Were there any big sacrifices you had to make in order to make your dream come true?

I had to let go of attachment to what a lot of people strive for – financial stability, upward mobility. I never really considered having children. It didn’t feel like that was a possibility. But children were never “an inevitability” for me in the way that theatre or yoga was.

How long did it take to find your groove on this new path?

That’s hard to say. In some respects, I found my way quickly. I settled into life at Kripalu pretty quickly, and I’m still there, now a senior faculty member, 17 years later. But to really find my own voice and my own path in this world took quite a number of years.

What do you love most about your teaching?

There are so many things that I love about teaching. It’s a job that insists I continue to grow and learn, and that means it remains interesting. I place a high priority on what I call “authenticity” – teaching from an honest and transparent place – teaching from my own experience. This means that I’m always looking for value in my own life, which leads me to find value in it. I treasure the relationships that I’ve found over the years. The people that find their way to yoga and to my classes are kind, warm, supportive, and they tend to value what I value, so my teaching has helped me to find a large and wonderful community. And, of course, having yoga at the center of my life means that the teachings of these ancient spiritual practices are with me all the time, and that is an invaluable gift.

How has this career change positively impacted your life?

I thought that moving out of New York City would simplify my life. It’s still very complicated and busy, but my perspective on all the busy-ness has shifted. I still get down or anxious or overwhelmed, but I weather those storms so much better than I used to. I’m thrilled to have a job that utilizes my body, that keeps me moving and breathing and stretching and feeling and remembering that I’m not just a brain dragging around a couple of arms and legs.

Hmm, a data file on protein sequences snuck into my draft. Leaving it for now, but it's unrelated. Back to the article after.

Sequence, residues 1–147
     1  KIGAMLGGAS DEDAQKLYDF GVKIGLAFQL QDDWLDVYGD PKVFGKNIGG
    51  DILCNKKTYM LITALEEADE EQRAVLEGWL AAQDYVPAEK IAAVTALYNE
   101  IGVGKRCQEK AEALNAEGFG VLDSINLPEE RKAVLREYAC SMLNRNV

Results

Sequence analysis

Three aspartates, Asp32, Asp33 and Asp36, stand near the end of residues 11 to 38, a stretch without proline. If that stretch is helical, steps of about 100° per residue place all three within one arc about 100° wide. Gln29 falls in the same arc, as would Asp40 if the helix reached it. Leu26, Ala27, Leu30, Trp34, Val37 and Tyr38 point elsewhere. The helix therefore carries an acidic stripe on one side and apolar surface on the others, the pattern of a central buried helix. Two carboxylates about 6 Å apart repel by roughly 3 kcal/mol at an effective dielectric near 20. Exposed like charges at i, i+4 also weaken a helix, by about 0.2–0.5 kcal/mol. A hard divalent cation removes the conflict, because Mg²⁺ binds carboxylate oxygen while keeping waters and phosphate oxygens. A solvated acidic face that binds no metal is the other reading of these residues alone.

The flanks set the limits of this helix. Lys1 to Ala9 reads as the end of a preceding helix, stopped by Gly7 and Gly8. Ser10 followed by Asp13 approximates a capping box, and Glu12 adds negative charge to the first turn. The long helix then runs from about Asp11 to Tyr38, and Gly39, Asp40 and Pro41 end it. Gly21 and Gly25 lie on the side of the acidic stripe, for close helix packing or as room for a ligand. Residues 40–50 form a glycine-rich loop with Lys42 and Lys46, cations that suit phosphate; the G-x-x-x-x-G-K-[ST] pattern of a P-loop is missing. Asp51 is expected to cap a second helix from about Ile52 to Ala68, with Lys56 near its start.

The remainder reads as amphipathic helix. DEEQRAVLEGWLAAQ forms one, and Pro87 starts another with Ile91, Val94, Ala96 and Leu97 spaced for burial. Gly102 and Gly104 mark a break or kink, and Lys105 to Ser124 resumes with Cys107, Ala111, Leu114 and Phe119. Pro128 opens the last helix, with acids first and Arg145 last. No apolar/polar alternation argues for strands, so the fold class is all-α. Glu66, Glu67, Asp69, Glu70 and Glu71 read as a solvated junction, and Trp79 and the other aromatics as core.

What advice do you have for anyone contemplating making a career change?

Pay attention to where your joy comes from and then dare to honor that. Ask yourself what you really value. Money? Stability? Prestige? Personally, those things don’t bring me joy. They’re powerful distractions, but they don’t actually make me happy. It can be scary, but take a risk to listen to what YOU want and not what the culture or your family of origin dictate you should want. And then do it. Nothing is in stone. You can always change course if you need to.

Want to do something more creative? Less stressful? Have more work-life balance? If there is something you’ve wanted to pursue, then go for it. Jurian is proof that you are never too old to go after your ideal job. Don’t be afraid to tap into your professional network, or even to start at the bottom with an entry level position. Lastly, don’t be afraid to start at 40 and beyond!

Want to become a yoga instructor or practice with Jurian? Connect with her below: